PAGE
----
Growing up, we watch our mothers to figure out how we should perceive the world. So if your mother, and your mother's mother, own businesses, the entrepreneurial spirit is often contagious. "I can't remember my mother articulating in so many words that I should pursue whatever I wanted to do,' says Polly Baumer, owner of Many Hands Magazine, a holistic health quarterly in Northampton, Massachusetts. "What was much more evident was the impression I got from watching someone actually [go after her dreams]. I watched her create a business and make it happen.'
Baumer comes from what she describes as "a little tribe' of women entrepreneurs. Her mother, Margaret Jane Strong, started a business that provides art tours of Europe; her sister, Margaret Jane Mason, owns Mrs. Mason's Luscious Temptations, a candy manufacturing company in Southfield, Michigan; and most of her female cousins have dabbled in business ownership.
The matriarch of this entrepreneurial wellspring was Baumer's grandmother, Catherine Sweet Anderson. A woman who resisted every stereotype society wanted to squeeze her into, Anderson found her calling as a homebased business owner in the 1920s. Discovering from her husband, a vice president of marketing at Pillsbury, that the company was throwing away wheat germ, she promptly decided to collect the wheat germ, bag it, and sell it to friends and people in the community. Eventually, Anderson sold the business to a party who later sold it to the Kretschmer family, which has since become the best-known name in wheat germ. "She wasn't hesitant about making her presence known in the world,' Baumer says.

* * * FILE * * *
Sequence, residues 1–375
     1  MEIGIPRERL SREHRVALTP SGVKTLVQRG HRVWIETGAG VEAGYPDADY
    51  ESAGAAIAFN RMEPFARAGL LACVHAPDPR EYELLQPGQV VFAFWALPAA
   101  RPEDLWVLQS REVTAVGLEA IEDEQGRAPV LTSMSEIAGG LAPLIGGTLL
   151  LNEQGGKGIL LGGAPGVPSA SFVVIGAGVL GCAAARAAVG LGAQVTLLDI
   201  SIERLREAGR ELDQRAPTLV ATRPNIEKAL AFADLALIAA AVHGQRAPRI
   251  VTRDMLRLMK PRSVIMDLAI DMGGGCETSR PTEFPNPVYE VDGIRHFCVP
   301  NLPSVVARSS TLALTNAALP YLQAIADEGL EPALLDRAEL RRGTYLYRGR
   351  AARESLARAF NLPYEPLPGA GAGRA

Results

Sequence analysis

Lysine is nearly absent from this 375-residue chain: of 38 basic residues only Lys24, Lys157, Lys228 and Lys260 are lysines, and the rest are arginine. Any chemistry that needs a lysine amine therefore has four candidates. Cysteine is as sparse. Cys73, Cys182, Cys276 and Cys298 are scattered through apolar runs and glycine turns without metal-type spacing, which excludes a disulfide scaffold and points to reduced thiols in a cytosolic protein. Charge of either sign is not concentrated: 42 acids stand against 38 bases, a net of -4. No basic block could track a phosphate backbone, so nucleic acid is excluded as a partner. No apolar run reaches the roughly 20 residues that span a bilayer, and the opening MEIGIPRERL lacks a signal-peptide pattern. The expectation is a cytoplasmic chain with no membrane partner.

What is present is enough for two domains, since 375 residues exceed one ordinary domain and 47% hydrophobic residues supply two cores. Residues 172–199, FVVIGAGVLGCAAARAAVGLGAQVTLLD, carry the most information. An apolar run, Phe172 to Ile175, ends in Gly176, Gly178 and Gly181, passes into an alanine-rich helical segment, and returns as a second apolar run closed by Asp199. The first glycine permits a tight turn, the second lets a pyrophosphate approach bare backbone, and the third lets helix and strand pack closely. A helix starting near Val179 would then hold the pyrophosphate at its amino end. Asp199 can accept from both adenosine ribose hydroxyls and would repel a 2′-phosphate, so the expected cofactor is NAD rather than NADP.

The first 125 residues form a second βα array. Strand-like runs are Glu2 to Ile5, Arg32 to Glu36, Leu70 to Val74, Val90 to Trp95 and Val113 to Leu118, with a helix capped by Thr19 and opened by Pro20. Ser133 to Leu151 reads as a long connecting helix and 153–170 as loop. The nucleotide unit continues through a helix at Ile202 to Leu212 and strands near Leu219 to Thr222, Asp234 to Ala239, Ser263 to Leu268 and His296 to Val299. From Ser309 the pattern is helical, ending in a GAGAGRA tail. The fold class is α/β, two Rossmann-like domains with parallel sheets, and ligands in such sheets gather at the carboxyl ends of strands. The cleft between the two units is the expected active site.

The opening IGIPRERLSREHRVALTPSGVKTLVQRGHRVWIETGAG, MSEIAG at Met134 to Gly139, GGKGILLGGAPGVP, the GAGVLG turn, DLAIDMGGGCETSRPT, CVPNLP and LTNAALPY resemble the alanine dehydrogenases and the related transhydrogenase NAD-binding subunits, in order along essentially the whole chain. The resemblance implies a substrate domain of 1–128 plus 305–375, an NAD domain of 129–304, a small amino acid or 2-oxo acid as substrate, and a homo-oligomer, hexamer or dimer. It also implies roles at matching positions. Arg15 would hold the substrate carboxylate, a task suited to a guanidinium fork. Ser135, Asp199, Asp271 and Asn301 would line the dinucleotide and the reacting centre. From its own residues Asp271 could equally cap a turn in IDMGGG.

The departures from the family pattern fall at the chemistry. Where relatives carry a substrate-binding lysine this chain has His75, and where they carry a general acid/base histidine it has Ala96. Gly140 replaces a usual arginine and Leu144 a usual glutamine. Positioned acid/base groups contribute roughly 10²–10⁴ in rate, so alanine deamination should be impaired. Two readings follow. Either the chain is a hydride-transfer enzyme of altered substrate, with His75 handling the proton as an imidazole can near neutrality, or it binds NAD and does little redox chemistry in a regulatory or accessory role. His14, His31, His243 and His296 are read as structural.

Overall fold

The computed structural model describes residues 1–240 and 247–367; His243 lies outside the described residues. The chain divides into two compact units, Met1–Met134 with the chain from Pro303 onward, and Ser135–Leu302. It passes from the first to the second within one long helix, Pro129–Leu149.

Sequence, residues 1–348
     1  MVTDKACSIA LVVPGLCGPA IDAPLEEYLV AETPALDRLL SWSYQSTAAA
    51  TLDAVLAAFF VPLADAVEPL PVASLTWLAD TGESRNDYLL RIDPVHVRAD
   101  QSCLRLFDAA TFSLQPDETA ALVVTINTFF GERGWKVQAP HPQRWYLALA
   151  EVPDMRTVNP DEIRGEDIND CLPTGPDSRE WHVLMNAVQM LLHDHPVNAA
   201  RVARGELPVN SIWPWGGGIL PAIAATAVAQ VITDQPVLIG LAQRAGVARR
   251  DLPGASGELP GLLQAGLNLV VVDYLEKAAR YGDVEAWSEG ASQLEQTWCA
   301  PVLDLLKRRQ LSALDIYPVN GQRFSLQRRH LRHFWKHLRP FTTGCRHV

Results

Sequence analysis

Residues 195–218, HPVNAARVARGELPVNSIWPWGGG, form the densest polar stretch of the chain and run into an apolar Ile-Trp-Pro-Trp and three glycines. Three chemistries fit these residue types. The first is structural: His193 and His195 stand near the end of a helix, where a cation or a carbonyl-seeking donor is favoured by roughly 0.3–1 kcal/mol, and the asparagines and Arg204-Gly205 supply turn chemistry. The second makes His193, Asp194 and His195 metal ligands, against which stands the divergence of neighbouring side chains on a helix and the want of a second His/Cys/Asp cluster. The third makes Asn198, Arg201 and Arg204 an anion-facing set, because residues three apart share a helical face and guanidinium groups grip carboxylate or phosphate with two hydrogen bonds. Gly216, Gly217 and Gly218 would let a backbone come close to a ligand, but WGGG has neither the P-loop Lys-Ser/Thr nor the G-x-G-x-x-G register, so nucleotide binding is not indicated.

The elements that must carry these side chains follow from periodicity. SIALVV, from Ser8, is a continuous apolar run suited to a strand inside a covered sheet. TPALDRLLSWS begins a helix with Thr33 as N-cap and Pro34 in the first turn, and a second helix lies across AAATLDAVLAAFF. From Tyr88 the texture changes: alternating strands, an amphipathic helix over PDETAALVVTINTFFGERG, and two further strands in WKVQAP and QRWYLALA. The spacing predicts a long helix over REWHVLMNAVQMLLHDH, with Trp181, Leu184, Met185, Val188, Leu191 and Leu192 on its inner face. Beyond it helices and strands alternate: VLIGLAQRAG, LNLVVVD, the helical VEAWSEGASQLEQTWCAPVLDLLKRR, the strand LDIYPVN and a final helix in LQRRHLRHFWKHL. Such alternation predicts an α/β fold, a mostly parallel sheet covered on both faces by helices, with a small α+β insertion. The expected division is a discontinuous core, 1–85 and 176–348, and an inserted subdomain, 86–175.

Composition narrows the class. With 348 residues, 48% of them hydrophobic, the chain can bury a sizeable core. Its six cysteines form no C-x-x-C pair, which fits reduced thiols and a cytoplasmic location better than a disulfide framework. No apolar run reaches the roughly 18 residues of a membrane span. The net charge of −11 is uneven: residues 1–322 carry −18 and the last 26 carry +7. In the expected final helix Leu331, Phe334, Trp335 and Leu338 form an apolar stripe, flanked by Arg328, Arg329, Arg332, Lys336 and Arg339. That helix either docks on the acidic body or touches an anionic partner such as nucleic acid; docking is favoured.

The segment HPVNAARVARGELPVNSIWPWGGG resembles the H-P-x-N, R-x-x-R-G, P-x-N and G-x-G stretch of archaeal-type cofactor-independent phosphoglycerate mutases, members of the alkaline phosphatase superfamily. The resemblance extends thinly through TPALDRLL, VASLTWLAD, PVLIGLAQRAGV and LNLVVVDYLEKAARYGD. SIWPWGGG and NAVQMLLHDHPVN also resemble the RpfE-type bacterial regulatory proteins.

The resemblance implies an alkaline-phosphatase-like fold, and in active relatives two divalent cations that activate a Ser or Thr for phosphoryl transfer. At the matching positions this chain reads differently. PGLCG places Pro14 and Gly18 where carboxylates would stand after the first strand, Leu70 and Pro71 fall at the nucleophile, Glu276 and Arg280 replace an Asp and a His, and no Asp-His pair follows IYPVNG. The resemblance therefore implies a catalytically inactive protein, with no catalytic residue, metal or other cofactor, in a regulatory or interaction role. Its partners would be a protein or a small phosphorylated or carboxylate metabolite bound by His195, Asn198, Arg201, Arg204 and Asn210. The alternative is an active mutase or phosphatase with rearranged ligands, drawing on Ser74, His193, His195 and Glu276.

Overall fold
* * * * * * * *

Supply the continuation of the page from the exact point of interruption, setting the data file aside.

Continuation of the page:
As Baumer watches her 15-year-old daughter enter young adulthood, she expects the legacy to continue. "Realizing you can do anything you want,' says Baumer, "is a form of freedom that you want to pass down."